Heroes: Carlos Pena (home run) Kosuke Fukudome (double) each contributed three hits and bookended a dramatic two-run ninth inning rally off Cincinnati closer Francisco Cordero (2-1) to lead the Cubs (15-17), as Pat Hughes described it, "to their most gratifying victory of the season."
Hero: Alfonso Soriano took over the major league lead in home runs when he belted his 11th of the season leading off the seventh.
I understand that the alternatives are as appealing as the selection of women at closing time at the neighborhood dive, but I wish the Cubs would pull the plug on the James Russell-in-the-starting-rotation experiment.
Hero: Kosuke Fukudome, who turns 34 Tuesday, had five singles in five at-bats to raise his average to .478.
Hero: Reed Johnson, who replaced center fielder Marlon Byrd in the starting lineup, went 3-for-4 with a double.
Hero: Carlos Zambrano remained undefeated since his meltdown at Comiskey Park on June 25 with eight innings of three-hit ball. Zambrano struck out 10 - the first time he achieved double-digits in strikeouts since his no-hitter on Sept. 14, 2008 - and walked just one.
For whatever it's worth, it was the Cubs' first "quality start" since Randy Wells turned one in against Arizona on April 4. The "quality start" statistic is as nonsensical as the "game-winning RBI." A pitcher who lasts just six innings and allows three runs is credited with a "quality start." The benchmark for what is deemed "quality" should be a bit higher.
Hero: Tyler Colvin, who entered the game hitting just .115, but homered in the seventh and doubled in the ninth.
Heroes: The first two hitters in the Cubs' lineup - Starlin Castro (3-for-5) and Darwin Barney (2-for-3) - combined for five hits and scored all five of the Cubs' runs in the first four innings against Houston starter Nelson Figueroa (0-2).
Hero: Andrew Cashner was terrific in his first major league start before exiting after 5 1/3 innings with tightness in his pitching shoulder. The 24-year-old right-hander allowed just two hits, struck out two, and walked one. He went to a three-ball count on just two batters, and fired 43 of his 72 pitches for strikes.
When spring training opened last month, Cubs manager Mike Quade let it be known that there would be open competition for a large percentage of the spots on his team's Opening Day roster.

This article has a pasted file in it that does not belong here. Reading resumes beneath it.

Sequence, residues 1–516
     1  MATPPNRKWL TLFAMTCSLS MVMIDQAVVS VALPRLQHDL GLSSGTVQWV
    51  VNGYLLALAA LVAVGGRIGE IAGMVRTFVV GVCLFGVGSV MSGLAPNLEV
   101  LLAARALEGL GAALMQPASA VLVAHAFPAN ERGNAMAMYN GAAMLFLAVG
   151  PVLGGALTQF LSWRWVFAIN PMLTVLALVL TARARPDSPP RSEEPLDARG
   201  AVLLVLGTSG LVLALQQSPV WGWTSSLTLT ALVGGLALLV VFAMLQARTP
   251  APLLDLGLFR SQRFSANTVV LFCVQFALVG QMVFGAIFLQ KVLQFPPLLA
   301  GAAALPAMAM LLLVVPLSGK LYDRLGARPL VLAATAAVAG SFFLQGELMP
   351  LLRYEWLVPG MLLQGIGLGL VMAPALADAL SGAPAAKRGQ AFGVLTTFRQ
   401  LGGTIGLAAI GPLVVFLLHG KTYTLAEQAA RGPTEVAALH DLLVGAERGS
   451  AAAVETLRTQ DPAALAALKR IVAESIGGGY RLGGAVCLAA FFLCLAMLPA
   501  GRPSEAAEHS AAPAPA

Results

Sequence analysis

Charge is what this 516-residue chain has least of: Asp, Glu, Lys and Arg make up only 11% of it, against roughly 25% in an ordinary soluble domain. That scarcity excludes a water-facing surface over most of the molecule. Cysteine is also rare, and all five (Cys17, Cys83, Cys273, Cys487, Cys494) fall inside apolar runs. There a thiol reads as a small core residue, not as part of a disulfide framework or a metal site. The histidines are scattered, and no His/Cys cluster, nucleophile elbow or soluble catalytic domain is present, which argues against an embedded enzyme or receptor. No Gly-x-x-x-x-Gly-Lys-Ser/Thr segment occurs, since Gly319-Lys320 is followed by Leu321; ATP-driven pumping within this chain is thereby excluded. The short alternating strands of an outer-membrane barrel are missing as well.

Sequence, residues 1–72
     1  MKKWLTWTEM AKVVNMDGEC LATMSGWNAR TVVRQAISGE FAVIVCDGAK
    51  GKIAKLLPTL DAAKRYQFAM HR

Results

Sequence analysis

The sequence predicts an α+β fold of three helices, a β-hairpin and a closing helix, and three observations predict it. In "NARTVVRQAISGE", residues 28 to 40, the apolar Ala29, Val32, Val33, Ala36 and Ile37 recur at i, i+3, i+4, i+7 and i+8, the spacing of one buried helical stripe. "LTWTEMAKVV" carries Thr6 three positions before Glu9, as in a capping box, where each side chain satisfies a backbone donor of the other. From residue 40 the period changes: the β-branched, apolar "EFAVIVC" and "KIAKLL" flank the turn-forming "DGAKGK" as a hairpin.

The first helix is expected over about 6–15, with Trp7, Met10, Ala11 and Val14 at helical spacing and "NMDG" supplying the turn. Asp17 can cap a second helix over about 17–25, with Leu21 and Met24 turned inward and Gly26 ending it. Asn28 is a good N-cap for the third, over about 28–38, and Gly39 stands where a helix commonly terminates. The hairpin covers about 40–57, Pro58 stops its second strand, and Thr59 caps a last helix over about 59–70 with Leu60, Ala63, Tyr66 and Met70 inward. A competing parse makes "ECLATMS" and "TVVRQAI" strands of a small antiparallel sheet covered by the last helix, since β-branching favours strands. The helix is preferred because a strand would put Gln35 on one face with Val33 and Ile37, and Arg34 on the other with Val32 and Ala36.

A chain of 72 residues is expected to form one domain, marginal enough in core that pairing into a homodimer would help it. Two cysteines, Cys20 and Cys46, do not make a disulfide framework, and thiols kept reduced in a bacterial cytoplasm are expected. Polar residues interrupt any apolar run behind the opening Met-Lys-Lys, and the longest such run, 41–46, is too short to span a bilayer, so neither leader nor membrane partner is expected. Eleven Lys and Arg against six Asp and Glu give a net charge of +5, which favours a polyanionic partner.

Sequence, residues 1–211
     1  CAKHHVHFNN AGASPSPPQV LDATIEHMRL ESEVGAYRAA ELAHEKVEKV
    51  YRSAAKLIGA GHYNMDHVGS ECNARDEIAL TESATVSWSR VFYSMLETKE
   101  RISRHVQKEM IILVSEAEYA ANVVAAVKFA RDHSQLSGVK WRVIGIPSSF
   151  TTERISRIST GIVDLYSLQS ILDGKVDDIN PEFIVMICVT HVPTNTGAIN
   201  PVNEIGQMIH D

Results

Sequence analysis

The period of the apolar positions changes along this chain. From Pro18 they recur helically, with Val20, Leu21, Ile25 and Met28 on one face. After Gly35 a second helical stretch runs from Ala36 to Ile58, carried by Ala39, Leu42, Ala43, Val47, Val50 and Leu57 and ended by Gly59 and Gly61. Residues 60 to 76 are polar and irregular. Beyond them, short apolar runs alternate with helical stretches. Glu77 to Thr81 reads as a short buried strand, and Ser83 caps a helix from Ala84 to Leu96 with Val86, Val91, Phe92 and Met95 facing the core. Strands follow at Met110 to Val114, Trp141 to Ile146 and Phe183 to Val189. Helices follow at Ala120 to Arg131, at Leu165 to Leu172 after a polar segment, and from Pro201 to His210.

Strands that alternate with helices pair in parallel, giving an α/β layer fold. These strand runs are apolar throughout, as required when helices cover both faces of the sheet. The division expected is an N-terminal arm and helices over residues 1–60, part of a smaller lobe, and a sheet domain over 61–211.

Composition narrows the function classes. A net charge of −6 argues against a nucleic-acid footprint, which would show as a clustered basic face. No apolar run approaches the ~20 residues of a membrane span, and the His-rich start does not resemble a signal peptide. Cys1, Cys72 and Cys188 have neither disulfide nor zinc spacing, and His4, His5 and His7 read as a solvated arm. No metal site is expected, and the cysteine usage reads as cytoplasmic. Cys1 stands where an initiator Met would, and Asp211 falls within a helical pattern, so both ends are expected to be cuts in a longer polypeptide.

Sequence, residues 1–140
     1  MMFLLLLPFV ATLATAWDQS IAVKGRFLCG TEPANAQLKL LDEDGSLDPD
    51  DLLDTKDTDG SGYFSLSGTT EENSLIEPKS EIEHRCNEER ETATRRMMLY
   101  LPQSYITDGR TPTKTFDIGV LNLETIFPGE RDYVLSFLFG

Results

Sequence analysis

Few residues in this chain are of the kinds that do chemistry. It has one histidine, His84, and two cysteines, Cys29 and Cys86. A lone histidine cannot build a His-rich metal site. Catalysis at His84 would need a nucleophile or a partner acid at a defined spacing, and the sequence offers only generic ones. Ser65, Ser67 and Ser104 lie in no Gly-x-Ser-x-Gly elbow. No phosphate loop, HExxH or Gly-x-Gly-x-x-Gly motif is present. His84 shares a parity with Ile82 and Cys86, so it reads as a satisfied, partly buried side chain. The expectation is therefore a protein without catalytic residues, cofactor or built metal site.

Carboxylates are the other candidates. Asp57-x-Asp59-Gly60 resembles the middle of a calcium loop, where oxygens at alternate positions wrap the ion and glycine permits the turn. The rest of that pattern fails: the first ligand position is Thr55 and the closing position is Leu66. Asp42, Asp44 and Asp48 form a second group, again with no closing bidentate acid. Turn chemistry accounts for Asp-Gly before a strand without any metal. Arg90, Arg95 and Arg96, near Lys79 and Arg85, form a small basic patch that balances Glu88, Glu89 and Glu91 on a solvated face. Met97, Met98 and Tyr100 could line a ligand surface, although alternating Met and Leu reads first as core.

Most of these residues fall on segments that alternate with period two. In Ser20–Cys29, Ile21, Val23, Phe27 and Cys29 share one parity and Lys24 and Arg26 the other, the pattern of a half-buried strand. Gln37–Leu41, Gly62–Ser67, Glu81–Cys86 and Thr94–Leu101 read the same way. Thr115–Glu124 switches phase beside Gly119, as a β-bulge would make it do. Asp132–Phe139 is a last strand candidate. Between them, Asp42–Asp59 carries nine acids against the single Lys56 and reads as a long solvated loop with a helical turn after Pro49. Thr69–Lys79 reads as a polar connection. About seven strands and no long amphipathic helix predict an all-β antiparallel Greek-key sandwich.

The snow has melted, the days are getting noticeably longer, and the Cubs are playing spring training games in Arizona.
The improved play the Cubs demonstrated under interim manager Mike Quade during the season's final weeks (a 24-13 record) was encouraging but it doesn't change the fact that the 2010 season was an unmitigated disaster.
Cubs general manager Jim Hendry made the right call Tuesday in announcing that Mike Quade would manage the team in 2011.
Hero: Carlos Zambrano (11-6) allowed three runs - two earned - on three hits over 6 1/3 innings while striking out five and walking three. Zambrano won his final eight decisions and posted a 1.24 ERA in his last 10 starts.
Ryan Dempster's endorsement Tuesday of Mike Quade for the Cubs managerial job in 2011 is the final event in a long series of developments that has convinced me that Quade is the right man for the job.
Heroes: Relievers Justin Berg, Scott Maine, Marcos Mateo, Andrew Cashner, James Russell, and Thomas Diamond combined for 4 2/3 scoreless innings.
Heroes: Relievers Justin Berg, Scott Maine, Marcos Mateo, and James Russell combined to allow two hits over 5 2/3 shutout innings.
Hero: Tyler Colvin became the fourth Cubs rookie to hit 20 or more home runs in a season. The other members of the exclusive club are Walt "Moose" Moryn with 23 in 1956, Billy Williams (25, 1961), and Geovany Soto (23, 2008).